The Blurred Edges of Intellectual Disability

Val Williams, Paul Swift, Victoria Mason

Research output: Contribution to journalArticle (Academic Journal)peer-review

8 Citations (Scopus)
534 Downloads (Pure)


The label of ‘intellectual disability’ can be a very blurred concept, because for those on the borders, their label often arises from the interaction of the individual with their environment, from their socio-economic status, and from the social role which they choose to undertake. This paper explores the contested notion of intellectual disability in the context of people who have been in trouble with the law in England, and contrasts their situation with that of people who have been protected by best interests decisions under the Mental Capacity Act (England and Wales). People who are on the ‘borderline’ of having an intellectual disability, like any citizens, have a range of intersecting identities. Drawing on the notions of ‘interactional’ disability theory, we reflect on the shifting, relative nature of intellectual disability, and the need for the law to focus on support needs, rather than on impairment.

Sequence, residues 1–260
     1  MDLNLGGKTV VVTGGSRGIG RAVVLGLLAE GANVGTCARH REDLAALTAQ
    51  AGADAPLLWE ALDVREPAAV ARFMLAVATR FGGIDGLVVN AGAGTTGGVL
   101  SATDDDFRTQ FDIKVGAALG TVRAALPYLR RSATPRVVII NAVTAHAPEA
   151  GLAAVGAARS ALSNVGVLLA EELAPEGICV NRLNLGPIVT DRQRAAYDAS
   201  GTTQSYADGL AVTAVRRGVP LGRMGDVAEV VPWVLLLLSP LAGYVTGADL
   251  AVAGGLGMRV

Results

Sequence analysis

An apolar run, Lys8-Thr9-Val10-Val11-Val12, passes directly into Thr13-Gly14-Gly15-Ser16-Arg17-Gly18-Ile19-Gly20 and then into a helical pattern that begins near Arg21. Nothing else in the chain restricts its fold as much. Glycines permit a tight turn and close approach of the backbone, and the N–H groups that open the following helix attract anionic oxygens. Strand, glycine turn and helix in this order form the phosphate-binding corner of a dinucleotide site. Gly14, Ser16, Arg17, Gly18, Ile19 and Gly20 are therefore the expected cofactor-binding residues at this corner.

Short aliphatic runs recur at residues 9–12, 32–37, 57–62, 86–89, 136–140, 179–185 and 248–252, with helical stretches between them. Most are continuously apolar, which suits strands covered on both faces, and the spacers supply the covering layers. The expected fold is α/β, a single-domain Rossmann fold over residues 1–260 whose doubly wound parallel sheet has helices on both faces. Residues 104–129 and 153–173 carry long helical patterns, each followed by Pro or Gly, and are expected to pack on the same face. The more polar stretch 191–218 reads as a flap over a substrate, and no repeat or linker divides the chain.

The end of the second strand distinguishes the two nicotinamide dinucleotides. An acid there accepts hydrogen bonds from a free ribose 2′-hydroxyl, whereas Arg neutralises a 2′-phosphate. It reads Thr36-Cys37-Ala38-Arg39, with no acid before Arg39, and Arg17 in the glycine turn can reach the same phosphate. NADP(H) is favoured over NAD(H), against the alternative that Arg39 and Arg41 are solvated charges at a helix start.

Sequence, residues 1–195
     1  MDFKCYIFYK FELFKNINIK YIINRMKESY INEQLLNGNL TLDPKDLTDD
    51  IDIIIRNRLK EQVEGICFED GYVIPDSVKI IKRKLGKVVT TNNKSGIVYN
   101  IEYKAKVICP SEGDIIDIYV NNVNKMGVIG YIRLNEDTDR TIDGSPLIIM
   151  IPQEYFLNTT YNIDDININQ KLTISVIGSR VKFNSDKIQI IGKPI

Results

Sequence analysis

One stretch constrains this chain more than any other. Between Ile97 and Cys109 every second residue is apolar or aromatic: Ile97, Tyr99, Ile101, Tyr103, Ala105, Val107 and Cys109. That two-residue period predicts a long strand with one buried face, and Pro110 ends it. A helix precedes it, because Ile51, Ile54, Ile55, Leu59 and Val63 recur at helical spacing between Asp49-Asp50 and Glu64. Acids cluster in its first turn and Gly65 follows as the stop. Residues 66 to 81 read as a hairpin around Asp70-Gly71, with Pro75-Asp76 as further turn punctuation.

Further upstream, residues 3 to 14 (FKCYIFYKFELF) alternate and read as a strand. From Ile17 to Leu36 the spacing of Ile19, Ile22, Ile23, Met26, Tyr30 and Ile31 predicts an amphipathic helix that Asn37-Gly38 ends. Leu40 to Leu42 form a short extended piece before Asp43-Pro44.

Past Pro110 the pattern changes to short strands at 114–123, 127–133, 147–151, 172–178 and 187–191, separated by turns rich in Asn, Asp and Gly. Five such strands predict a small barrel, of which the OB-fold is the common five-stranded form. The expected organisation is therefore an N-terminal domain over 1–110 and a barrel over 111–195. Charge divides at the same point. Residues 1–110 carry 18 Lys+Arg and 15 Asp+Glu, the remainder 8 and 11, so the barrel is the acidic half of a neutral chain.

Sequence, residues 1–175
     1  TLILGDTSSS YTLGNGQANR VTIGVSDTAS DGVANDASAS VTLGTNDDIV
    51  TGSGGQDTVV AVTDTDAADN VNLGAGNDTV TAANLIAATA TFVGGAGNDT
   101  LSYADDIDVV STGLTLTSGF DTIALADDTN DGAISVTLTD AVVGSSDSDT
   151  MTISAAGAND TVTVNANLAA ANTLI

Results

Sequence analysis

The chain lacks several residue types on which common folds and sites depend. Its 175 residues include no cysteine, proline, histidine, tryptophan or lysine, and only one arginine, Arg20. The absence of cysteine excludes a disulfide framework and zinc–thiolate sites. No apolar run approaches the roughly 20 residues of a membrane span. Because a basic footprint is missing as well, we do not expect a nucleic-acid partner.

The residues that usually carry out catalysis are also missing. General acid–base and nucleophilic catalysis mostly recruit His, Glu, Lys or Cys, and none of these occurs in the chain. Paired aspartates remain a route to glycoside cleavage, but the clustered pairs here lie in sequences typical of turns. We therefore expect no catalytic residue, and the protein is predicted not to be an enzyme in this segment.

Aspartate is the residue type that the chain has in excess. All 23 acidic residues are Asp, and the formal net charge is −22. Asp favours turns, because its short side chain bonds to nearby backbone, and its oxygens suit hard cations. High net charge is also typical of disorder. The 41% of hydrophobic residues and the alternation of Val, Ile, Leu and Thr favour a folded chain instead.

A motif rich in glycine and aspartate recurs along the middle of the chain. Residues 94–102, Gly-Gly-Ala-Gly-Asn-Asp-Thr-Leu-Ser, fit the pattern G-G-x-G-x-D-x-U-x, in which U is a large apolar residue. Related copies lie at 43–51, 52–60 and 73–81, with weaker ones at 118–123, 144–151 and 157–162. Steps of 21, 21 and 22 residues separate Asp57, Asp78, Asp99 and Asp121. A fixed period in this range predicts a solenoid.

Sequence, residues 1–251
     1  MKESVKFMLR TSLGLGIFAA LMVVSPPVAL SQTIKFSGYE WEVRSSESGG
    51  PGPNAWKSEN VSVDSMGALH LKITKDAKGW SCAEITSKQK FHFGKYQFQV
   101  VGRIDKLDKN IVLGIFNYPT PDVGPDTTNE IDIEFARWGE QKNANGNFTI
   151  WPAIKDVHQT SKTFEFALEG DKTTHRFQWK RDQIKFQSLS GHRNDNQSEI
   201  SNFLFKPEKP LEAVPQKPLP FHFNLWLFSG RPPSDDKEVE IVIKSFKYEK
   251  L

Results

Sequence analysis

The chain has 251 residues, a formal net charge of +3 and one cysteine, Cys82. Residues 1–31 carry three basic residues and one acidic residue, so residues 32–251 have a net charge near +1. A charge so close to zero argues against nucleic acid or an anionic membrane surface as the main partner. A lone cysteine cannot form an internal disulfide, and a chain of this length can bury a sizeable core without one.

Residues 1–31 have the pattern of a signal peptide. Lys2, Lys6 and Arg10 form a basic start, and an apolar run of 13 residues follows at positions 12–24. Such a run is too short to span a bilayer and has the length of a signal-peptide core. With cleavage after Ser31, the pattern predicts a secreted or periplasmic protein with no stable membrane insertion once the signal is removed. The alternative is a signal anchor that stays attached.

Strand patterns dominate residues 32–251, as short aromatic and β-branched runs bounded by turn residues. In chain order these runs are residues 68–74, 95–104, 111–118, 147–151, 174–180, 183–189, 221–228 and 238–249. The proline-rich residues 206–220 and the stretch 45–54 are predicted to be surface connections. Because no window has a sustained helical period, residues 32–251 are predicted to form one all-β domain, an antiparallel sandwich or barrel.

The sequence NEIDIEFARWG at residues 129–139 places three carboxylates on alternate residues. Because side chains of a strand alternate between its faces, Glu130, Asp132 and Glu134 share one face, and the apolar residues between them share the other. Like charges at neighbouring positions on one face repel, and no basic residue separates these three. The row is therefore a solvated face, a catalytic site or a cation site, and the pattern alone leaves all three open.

Original languageEnglish
Pages (from-to)704-716
Number of pages13
JournalDisability and Society
Issue number5
Early online date25 Jun 2015
Publication statusPublished - 1 Sept 2015

Bibliographical note

Date of Acceptance: 10/04/2015


Dive into the research topics of 'The Blurred Edges of Intellectual Disability'. Together they form a unique fingerprint.

Cite this